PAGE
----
LTE Roaming Traffic surpassed non-LTE global data roaming traffic

Eight-year timeline for global LTE roaming proliferation demands that the mobile industry prepare to seize 5G opportunity

New data released today by Syniverse shows that LTE usage has finally turned the corner and that inter-regional LTE data roaming traffic has surpassed non-LTE data roaming traffic. Specifically, LTE traffic rose to 54 percent of global outbound roaming traffic in 2017, up from 42 percent in 2016.

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The new figures come from a Syniverse study that analyzed global roaming traffic records from its global IPX network that connects nearly 1,000 mobile operators, including most of the world’s LTE providers. The six regions studied show that LTE roaming volume grew 121 percent overall in 2017, but they also illustrate that the majority of LTE roaming is still concentrated in the Americas, which represents 79 percent of the total global volume.

“Syniverse’s data shows that, eight years after its first commercial launch, LTE is only now a truly mature global technology,” said John Wick, Senior Vice President and General Manager, Service Provider Group, Syniverse. “The data underscores the need for the industry to more urgently prepare for 5G and the internet of things (IoT). If the 5G use cases exciting the industry are to become a reality and ubiquitously adopted, steps need to be taken soon to strengthen and evolve the entire framework of interconnection, interoperability, security and roaming that many of these new 5G services would rely on. These considerations have delivered the foundation for previous technology generations and will be more important than ever for 5G to succeed.”

The majority of LTE roaming remains concentrated in the Americas, which represent 79% of total volume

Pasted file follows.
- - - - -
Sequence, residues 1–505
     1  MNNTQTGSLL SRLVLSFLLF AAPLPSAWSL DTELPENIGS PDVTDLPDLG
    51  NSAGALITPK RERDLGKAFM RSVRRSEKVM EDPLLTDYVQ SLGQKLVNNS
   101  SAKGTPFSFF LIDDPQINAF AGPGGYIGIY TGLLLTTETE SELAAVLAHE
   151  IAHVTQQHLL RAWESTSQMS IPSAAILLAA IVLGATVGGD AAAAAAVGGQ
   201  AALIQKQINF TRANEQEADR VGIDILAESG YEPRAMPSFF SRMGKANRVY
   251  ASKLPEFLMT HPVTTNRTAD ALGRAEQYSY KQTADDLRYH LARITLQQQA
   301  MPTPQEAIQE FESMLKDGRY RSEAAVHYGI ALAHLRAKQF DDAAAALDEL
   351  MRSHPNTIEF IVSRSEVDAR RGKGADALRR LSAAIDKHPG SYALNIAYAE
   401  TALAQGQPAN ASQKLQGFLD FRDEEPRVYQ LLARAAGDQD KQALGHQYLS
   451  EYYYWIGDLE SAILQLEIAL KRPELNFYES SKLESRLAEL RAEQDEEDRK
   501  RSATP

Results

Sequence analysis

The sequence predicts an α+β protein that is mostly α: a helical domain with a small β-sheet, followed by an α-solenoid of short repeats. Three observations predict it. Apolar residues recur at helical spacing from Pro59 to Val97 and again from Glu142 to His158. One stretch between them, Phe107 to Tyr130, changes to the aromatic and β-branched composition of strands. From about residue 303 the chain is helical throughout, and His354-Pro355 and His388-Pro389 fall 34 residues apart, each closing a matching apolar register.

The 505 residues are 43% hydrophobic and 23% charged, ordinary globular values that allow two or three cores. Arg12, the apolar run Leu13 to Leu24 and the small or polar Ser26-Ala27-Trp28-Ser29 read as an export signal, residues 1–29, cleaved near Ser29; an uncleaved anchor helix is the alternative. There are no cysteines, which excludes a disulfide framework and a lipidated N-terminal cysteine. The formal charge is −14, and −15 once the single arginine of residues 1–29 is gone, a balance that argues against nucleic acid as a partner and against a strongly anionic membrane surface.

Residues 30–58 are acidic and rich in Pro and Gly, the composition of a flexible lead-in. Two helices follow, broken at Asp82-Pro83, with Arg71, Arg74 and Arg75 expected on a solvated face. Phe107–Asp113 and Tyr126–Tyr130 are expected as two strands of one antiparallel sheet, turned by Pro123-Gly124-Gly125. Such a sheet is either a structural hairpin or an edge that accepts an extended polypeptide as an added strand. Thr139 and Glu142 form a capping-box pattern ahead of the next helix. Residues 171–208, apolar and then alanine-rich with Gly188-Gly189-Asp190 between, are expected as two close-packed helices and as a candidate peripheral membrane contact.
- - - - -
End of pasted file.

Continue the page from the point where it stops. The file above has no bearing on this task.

LTE roaming volumes for other regions include Europe at 11%, Asia Pacific at 7%, the Middle East and Africa at 3%, and India at 1%.

The Syniverse study found that a major barrier to providing a consistent LTE service footprint beyond home markets lies in secure inter-regional connectivity for devices and networks to communicate with each other. To this end, the data highlights the need for operators to deploy an IPX network to provide the critical interconnectivity necessary to not only enable global LTE reach but also provide the initial thrust for 5G to build upon.

The value of 5G for operators lies in its ability to integrate and capture opportunity from new vertical markets and services, including IoT, while also providing more rich user experiences. Many of these services will need security, interconnection, roaming, and interoperability, as well as a wide range of service-level agreements.

IPX infrastructure has contributed immensely to the proliferation of LTE roaming. By extension, as LTE-5G coexistence scenarios become standardized and expected to be the norm to deliver capacity and coverage, IPX will serve as the foundation for global 5G connectivity for billions of “things.”

“Our data points to the fact that while the rollout of LTE networks is advancing at a healthy rate, the mobile industry must accelerate its efforts to fully capture the 5G opportunity,” said Wick. “Industry attention has been focused on the most innovative technologies of 5G. However, just as crucial for 5G adoption is integrating technologies like IPX to ensure global connectivity and security, which have been important pillars in the success of the mobile industry.”

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